New Wave of Margate kitchen pop-ups for Power of Women Festival

Natalie Richards will be at the Falstaff Inn

New Wave of Margate (NWOM) test kitchen and food platform celebrating diverse food cultures is taking part in this year’s Power of Women Festival.

They will be hosting three food pop-ups across Margate, Ramsgate and Broadstairs platforming women chefs this weekend.

NWOM X Power of Women kitchen residency series brings together three local women chefs exploring heritage cuisines, over three days, across three towns.

Isle of Thanet News readers will receive a special 20% discount with the code: THANETLOCAL at checkout. Book your ticket at:

Eni Timi-Biu is a British-Nigerian, Margate-based social impact founder whose project NWOM aims to build a food community celebrating diverse food cultures and the people calling the coast home.

For her second Power of Women food collaboration, Eni continues to amplify Black food cultures, this time exploring the culinary connections between West African + Brazilian cuisines.

Join Eni on 4 March at 2pm at the Margate Winter Gardens for a set-menu lunch exploring Bahian (north-eastern Brazilian) cuisine.

Natalie Richards, is a chef inspired by a blend of influences from her Jamaican and Irish roots and a childhood immersed in music, food and dancing. Missing Caribbean flavours after moving to Margate from London, Natalie decided to start serving it herself, setting-up a delivery service and taking over the kitchen at a local pub.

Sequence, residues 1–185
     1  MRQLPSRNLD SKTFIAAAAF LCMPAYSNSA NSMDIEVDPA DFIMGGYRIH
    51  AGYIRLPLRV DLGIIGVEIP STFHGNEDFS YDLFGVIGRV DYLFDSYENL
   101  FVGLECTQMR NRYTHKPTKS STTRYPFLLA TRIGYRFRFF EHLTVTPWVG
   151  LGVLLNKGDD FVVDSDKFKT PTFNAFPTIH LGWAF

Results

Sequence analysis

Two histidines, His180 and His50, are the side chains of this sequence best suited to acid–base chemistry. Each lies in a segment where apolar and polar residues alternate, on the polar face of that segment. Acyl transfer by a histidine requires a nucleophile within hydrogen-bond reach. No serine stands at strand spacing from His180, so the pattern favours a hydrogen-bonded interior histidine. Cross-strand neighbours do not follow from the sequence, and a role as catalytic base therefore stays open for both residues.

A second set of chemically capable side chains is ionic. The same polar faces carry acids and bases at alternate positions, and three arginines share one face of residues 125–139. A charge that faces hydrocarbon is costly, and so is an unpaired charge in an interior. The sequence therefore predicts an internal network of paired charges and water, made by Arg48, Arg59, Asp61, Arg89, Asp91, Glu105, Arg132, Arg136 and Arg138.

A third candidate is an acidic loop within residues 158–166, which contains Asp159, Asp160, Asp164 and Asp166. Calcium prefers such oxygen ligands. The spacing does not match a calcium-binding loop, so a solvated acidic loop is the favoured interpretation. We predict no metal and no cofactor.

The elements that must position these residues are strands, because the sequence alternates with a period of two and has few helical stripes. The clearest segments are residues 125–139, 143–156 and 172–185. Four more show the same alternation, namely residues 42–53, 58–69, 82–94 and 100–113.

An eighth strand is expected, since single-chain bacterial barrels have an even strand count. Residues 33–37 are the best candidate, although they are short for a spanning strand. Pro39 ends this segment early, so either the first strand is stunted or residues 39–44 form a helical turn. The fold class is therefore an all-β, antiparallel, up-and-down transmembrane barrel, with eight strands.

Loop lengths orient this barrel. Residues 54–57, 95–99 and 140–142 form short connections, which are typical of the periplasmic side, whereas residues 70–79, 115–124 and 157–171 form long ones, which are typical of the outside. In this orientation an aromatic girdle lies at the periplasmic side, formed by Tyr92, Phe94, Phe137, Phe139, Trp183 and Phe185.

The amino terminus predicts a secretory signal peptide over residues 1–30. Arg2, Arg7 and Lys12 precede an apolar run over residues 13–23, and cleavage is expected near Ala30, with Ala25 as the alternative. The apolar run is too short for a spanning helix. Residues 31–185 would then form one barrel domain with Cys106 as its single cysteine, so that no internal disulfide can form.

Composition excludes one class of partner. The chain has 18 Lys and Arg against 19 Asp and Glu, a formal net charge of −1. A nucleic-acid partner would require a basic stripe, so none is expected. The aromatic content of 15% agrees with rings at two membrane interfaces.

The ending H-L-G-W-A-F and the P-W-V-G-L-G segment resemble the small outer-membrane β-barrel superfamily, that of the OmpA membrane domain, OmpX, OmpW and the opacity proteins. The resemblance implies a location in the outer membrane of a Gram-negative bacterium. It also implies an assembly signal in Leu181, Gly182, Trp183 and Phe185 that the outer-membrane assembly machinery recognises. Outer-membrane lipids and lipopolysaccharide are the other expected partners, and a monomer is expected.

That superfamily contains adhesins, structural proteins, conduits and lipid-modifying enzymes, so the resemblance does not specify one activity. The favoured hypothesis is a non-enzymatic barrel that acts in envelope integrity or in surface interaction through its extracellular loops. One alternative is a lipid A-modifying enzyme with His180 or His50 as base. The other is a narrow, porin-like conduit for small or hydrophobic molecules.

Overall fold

Join Natalie on 5 March at 7pm at the Falstaff Hotel for a set-menu lunch exploring Caribbean cuisine.

Malaysian chef Liza Moha-Woodgate, of NONA, has lived in Kent for over 20 years.  A true roaming chef, Liza runs supper clubs and cookery demonstration roadshows across towns and villages. Liza is a regular guest chef tutor at Chequers Cookery School in Deal, Kent, specialising in south-east Asian cuisines.

Join Liza  on 6 March at 11.30am at Pierremont Hall for a set-menu brunch exploring Malaysian cuisine.


  1. Reasonably diverse, but not totally: all this talk of Russia and Eastern Europe reminds me of how little influence their cuisine has in the UK. I generally prefer it to Asian food (I’ve just had pickled herrings for lunch, delicious, and my favourite mustard is a Russian variety that is like a cross between French Dijon and a very fine wholegrain!).

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